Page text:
One way to approach music theory and songwriting is to think in terms of cause & effect. Understanding the musical devices (chords, riffs, melodies) and the impressions each gives will provide you a toolbox you can use to concoct songs that create a particular emotional impact.
I started writing songs in high school, but had no training in writing/composing at that point. So I was in for a surprise when I started my first music theory class as a music major in college. I was disappointed to learn that music theory simply meant studying patterns past composers employed to build their music.
What about questions like, “what chord will convey anguish?” or “what rhythm will convey urgency?”
My major motivation for writing music was to have the audience feel something, yet, simply going over the compositional systems of the past didn’t really go far enough to give me the building blocks. I wasn’t interested in writing another invention that sounded exactly like what Bach would write. (a real exercise I did — I did get an A+ though) I was hoping to understand, say, why Brahms’ 1st Symphony, 4th movement, has that tear-inducing majesty, power, and joy — really, that awesome, indescribable feeling.
Yet understanding of music theory does give us the tools to analyze other songs and then figure out why that piece of music gives us the particular feeling we get. So my music education did give me the foundation to start exploring and building my toolset. It’s like the music theory was the wood and rocks and I needed to use to build my tools.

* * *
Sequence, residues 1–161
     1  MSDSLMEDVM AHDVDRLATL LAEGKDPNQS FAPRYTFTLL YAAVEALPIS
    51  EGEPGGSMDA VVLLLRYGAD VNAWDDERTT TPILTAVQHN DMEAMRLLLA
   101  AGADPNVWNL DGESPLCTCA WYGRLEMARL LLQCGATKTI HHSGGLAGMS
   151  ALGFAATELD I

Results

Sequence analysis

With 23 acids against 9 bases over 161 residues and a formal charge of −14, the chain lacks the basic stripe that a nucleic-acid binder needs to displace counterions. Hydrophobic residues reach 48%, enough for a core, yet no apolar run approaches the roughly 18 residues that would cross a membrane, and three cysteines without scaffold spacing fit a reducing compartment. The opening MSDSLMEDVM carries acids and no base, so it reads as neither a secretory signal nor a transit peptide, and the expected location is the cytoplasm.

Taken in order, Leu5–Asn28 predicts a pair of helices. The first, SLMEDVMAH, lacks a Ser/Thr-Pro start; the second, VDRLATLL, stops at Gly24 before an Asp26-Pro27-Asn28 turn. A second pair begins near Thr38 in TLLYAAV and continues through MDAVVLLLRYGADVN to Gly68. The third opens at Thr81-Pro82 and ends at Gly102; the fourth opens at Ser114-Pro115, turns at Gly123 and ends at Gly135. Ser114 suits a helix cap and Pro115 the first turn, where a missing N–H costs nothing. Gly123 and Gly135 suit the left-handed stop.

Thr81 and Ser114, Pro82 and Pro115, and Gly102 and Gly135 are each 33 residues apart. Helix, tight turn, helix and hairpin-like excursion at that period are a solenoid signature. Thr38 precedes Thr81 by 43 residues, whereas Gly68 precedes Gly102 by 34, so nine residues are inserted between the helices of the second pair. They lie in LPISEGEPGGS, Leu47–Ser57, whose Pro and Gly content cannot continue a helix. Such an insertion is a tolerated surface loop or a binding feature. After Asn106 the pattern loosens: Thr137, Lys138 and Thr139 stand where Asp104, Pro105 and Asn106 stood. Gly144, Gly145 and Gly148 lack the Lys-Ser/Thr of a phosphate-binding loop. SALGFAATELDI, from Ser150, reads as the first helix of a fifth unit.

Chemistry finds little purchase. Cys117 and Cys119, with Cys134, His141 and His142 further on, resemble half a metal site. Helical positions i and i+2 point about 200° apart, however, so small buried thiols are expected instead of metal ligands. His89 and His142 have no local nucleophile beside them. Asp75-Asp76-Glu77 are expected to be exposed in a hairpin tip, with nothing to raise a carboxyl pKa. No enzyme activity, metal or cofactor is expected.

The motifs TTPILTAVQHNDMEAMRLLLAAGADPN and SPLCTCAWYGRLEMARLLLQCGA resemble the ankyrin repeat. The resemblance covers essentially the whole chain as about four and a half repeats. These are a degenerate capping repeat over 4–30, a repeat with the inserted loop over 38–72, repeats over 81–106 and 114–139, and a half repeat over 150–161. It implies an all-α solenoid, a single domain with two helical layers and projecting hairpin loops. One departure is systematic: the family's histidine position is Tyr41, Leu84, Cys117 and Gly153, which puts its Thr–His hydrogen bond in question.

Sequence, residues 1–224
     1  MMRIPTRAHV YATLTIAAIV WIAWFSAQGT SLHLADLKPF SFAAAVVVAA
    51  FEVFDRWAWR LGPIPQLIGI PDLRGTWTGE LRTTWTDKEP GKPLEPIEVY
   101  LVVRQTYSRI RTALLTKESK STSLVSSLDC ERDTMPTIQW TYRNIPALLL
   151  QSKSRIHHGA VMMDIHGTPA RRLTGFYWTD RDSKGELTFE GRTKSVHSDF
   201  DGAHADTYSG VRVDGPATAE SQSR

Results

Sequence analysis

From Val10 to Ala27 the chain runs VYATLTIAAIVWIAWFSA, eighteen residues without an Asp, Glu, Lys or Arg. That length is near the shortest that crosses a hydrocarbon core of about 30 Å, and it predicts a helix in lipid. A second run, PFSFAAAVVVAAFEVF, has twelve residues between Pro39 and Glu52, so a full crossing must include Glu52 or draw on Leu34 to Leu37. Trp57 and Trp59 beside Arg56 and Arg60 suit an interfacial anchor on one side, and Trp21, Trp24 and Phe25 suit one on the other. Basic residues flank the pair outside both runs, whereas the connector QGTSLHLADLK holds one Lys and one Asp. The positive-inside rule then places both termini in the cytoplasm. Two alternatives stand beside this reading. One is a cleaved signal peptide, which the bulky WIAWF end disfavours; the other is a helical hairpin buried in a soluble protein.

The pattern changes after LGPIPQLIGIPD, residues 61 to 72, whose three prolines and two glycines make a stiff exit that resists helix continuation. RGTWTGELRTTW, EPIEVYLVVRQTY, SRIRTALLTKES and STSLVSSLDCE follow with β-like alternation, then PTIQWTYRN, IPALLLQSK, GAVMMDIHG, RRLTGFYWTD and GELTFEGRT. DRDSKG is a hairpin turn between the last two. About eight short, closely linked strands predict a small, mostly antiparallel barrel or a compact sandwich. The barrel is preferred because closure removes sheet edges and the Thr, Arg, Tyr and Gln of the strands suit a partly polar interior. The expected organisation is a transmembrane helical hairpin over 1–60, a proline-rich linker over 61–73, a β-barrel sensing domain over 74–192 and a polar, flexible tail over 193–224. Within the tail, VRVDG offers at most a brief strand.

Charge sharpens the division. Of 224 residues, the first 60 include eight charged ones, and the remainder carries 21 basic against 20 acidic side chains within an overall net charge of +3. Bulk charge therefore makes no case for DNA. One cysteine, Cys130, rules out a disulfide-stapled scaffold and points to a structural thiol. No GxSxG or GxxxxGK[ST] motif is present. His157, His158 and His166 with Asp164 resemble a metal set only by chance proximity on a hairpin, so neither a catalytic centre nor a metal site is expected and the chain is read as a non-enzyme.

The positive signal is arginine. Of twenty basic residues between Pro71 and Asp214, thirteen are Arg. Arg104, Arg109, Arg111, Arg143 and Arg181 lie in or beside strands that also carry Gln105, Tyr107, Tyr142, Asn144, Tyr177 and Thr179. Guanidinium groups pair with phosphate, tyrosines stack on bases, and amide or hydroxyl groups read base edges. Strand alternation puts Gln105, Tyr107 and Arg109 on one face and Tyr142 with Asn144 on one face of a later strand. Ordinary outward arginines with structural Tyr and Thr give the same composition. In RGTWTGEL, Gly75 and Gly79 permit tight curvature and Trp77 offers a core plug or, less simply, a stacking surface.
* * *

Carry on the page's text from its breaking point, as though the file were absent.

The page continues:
As I developed I focused on amassing my vocabulary as a songwriter, by analyzing other people’s and my own songs to figure out why I get a certain feeling from it. Now I know that going from I to bIII chord is a strong, heroic, rock-n-roll move. Eighth-16th-16th rhythm has this galloping feel that’s highly energizing.
Without these toolboxes, your songwriting ends up dependent only on stumbling upon cool bits. Now, don’t get me wrong, there is nothing wrong with stumbling upon pieces of music — in fact, that exploration and playing around is essential — but it’s hard to get a complete song by just stumbling around. After you do come upon a cool riff or chorus, you want to build music around it and eventually turn it in to a cohesive song — an impactful song.
If Impactful Songwriting is our goal, Cause & Effect Music Theory is our building blocks. It’s a way of analyzing and then acquiring techniques for inspiring a certain feeling in its listener. I am going to share what I know, but more importantly, I’ll share how I go about analyzing existing Impactful songs, so that you gain an understanding of how you can learn and develop on your own.
Image: Robert Proksa